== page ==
so sick," and "the Physician is passing by," and that "it is, oh I so glorious to be in fellowship with that holy Mediator"?
Are our people really ignorant of the fact that this whole representation stands diametrically opposed to Sacred Scripture-opposed to all that ever animated the Church of Christ and made it strong? Do they not feel that such a feeble and spongy Christianity is a clay too soft for the making of heroes in the Kingdom of God? And do they not see that the number of men who are drawn to the "dear Jesus" is much smaller now than that of the men who formerly were drawn to the Mediator of the right, who with His precious blood hath fully satisfied for all our sins?
And when it is answered, "That is just what we teach; reconciliation in His blood, redemption through His death! It is all paid for us! Only come and hear our preaching and sing our hymns!" then we beseech the brethren who thus speak to be serious for a moment. For, behold, our objection is not that you deny the reconciliation through His blood, but that, by being silent on the question of God's right, and of our state of condemnation, and by being satisfied when the people "only come to Jesus," you allow the consciousness of guilt to wear out, you make genuine repentance impossible, you substitute a certain discontent with oneself for brokenness of heart; and thus you weaken the faculty to feel, to understand, and to realize what the meaning is of reconciliation through the blood of the cross.
It is quite possible to bring about reconciliation without touching the question of the right at all. By some misunderstanding two friends have become estranged, separated from, and hostile to each other. But they may be reconciled. Not necessarily by making one to see that he violated the rights of the other; this was perhaps never intended. And even if there was some right violated, it would not be expedient to speak of the past, but to cover it with the mantle of love and to look only to the future. And such reconciliation, if successful, is very delightful, and may have cost both the reconciled and the reconciler much of conflict and sacrifice, yea, prayers and tears. And yet, with all this, such reconciliation does not touch the question of right.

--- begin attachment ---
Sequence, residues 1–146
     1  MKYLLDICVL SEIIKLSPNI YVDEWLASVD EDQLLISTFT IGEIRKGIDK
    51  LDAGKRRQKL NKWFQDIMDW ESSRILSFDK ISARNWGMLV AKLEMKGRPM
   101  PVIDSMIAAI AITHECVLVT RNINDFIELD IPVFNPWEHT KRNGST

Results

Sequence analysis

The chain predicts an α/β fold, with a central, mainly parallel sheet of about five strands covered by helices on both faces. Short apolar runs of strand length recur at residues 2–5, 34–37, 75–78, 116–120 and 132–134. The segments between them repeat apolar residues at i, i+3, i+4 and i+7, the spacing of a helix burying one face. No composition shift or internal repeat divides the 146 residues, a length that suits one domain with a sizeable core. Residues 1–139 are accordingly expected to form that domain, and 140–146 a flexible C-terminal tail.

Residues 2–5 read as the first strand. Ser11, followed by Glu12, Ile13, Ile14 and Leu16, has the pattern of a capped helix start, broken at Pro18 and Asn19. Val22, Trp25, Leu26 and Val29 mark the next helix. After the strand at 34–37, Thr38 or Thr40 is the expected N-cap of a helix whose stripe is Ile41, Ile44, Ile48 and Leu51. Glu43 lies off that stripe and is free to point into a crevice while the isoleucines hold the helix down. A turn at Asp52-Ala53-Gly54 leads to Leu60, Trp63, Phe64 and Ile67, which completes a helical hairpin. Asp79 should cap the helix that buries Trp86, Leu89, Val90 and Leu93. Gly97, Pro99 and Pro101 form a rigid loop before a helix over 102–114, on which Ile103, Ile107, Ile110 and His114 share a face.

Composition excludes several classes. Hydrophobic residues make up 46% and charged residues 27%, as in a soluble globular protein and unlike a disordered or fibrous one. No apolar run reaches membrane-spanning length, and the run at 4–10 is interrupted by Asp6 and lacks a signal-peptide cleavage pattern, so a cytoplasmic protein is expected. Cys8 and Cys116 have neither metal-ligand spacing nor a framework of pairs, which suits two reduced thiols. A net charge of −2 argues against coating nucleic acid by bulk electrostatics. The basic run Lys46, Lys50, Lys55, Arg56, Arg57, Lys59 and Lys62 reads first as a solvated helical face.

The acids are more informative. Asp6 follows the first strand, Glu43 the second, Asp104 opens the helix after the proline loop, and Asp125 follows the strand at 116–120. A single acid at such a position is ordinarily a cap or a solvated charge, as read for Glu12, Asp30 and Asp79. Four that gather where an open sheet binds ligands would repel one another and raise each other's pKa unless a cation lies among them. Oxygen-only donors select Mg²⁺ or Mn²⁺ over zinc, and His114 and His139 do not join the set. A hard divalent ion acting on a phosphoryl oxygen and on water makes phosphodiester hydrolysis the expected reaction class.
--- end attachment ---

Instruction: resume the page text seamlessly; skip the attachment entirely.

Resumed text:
In this way it appears to us these brethren preach reconciliation. It is true that they preach it with much warmth and animation even; but-and this is our complaint-they consider and present it as an enmity caused by whispering, misunderstanding, and
wrong inclination, rather than by violation of the right. And, in consequence, their preaching of reconciliation through the blood of the cross no longer causes the deep chord of the right to vibrate in men's souls; but it resembles the reconciliation of two friends, who at an evil hour became estranged from each other.

Our Status

"And he believed in the Lord: and be counted it to him for righteousness. --Gen. xv. 6.
The right touches a man's status. So long as the law has not Proven him guilty, has not convicted and sentenced him, his legal status is that of a free and law-abiding citizen. But as soon as his guilt is proven in court and the jury has convicted him, he passes from that into the status of the bound and law-breaking citizen.
The same applies to our relation to God. Our status before God is that either of the just or of the unjust. In the former, we are not condemned or we are released from condemnation. He that is still under condemnation occupies the status of the unjust.
Hence, and this is noteworthy, a man's status depends not upon what he is, but upon the decision of the proper authorities regarding him; not upon what he is actually, but upon what he is counted to be.
A clerk in an office is innocently suspected of embezzlement, and accused before a court of law. He pleads not guilty; but the suspicions against him carry conviction, and the judge condemns him. Now, though he did not embezzle, is actually innocent, he is counted guilty. And since a man does not determine his own status, but his sovereign or judge determines it for him, the status of this clerk, although innocent, is, from the moment of his conviction, that of a law- breaker. And the contrary may occur just as well. In the absence of convicting evidence the judge may acquit a dishonest clerk, who, although guilty and a law-breaker, still retains his status of a law-abiding and honest citizen. In this case he is dishonorable, but he is counted honorable. Hence a man's status depends not upon what he actually is, but what he is counted to be.
The reason is, that man's status has no reference to his inward being, but only to the manner in which he is to be treated. It would be useless to determine this himself, for his fellow citizens would

not receive it. though he asserted a hundred times, "I am an honorable citizen," they would pay no attention to it. But if the judge declares him honorable, and then they should dare to call him dishonorable, there would be a power to maintain his status against those who attack him. Hence a man's own declaration can not obtain him a legal status. He may fancy or assume a status of righteousness, but it has no stability, it is no status.